Gun Collecting: Tokarev’s TT-33 and Its Clones

Tokarev TT-33 Stripped Down

The New Safety

Importation of surplus military arms was banned by the gun control act of 1968. In 1986 the law was modified to allow import of military surplus that was at least 50 years old and classed as a “Curio & Relic”. So, U.S. importers applied for import permits for C&R qualified Russian TT-33’s as well as Tokarevs made in other nations. At some point the BATF found a regulation regarding importing firearms that they must have a manual safety. None of the military issue Tokarev models have a safety.

The safety requirement over rides the C&R import regulations that the gun must be in original configuration. So, the importers and their overseas sources had to add new safety devices to the TT-33 in order to import them. A variety of levers have been used that block the sear or trigger from movement. All guns are milled and drilled to accommodate the safety components. Of course this damages the collectibility of the pistol. At this time any TT-33 pistol without the added safety will sell for about three times what the U.S. import altered version will. The safety issue was straightened out and some surplus Russian made TT-33 pistols with an added safety were brought in.

Click Here to Download a FREE Revolver Compilation

Then the Clinton administration banned the import of many Russian made firearms, including the TT-30 and TT-33. Thus as of 2011 there are no Russian made TT-33 on the U.S. market but there are currently Polish, Romanian and Yugoslavian made guns available. Recently imported TT-33 with the added safety currently sell in the $200-300 range for most variations. A pre 1968 import without the added safety will sell for $500 and up. I have seen a few nice WWII issue Russian pistols top $1000.
The TT-33 is an easy gun to strip for maintenance.

1. Remove magazine and inspect the chamber to verify that the pistol is not loaded.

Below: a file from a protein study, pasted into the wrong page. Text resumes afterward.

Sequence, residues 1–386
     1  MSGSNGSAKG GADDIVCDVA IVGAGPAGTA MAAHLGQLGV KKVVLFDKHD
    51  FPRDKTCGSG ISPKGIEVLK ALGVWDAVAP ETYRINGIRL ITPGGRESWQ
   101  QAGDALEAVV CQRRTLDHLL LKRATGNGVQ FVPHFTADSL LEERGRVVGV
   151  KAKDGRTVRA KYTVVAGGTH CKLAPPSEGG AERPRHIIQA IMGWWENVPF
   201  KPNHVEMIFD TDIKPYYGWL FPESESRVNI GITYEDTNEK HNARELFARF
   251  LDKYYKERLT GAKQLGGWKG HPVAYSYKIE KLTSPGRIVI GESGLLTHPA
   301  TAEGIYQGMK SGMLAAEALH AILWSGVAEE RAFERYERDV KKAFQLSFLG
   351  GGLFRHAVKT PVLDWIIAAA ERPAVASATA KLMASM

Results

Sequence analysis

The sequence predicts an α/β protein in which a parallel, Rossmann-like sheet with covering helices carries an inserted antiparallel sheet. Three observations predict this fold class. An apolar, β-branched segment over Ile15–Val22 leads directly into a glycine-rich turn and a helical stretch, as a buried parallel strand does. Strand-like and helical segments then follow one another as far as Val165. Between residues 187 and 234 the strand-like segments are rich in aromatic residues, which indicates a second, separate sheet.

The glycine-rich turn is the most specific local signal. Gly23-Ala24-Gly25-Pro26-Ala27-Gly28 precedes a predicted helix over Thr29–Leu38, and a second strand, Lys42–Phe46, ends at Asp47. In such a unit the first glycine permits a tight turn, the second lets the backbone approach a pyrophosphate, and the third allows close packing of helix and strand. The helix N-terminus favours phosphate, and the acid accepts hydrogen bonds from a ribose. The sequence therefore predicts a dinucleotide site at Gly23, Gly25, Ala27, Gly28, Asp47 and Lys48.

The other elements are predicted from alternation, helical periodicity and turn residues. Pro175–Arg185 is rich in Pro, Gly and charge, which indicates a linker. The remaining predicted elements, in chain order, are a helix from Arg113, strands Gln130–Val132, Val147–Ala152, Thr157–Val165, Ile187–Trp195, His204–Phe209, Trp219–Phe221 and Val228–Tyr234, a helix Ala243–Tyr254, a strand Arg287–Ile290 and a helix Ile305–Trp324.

2. As done with the Colt 1911, press down on the recoil spring plug, rotate the barrel bushing clockwise to the 12 o’clock position and remove to the front. Be careful here as the spring is under tension. Lift the spring and plug out.

3. Set the pistol in the Left side. Push the flat spring that holds the slide stop pin to the rear. It may be tight and require a tool to tap it off the pin recess. Remove the slide stop to the Left.

4. Remove the slide, barrel and recoil spring guide to the front.

5. Lift the hammer/sear assembly upward out of the frame. Reassemble in reverse order. Be sure that the barrel link is aligned with the hole when you insert the slide stop pin through the frame.

Finally, the grips are held in place by metal catches that are riveted inside each grip panel. To remove the grips a flat blade screwdriver is inserted into the magazine opening to move the slide catch off the frame. I do not recommend removing the grips unless necessary. They are made from bakelite and can chip or break easily.

Click Here for Gun Collecting Books & Firearm Price Guides

The TT-33 is a fascinating pistol for the arms collector. Lots of variations and history involved. And they’re fun to shoot, as well.

This article appeared in the March 28, 2011 issue of Gun Digest the Magazine. Click here to learn more.

Resources for Military Gun Collectors

Standard Catalog of Military Firearms, 6th EditionThe Standard Catalog of Military Firearms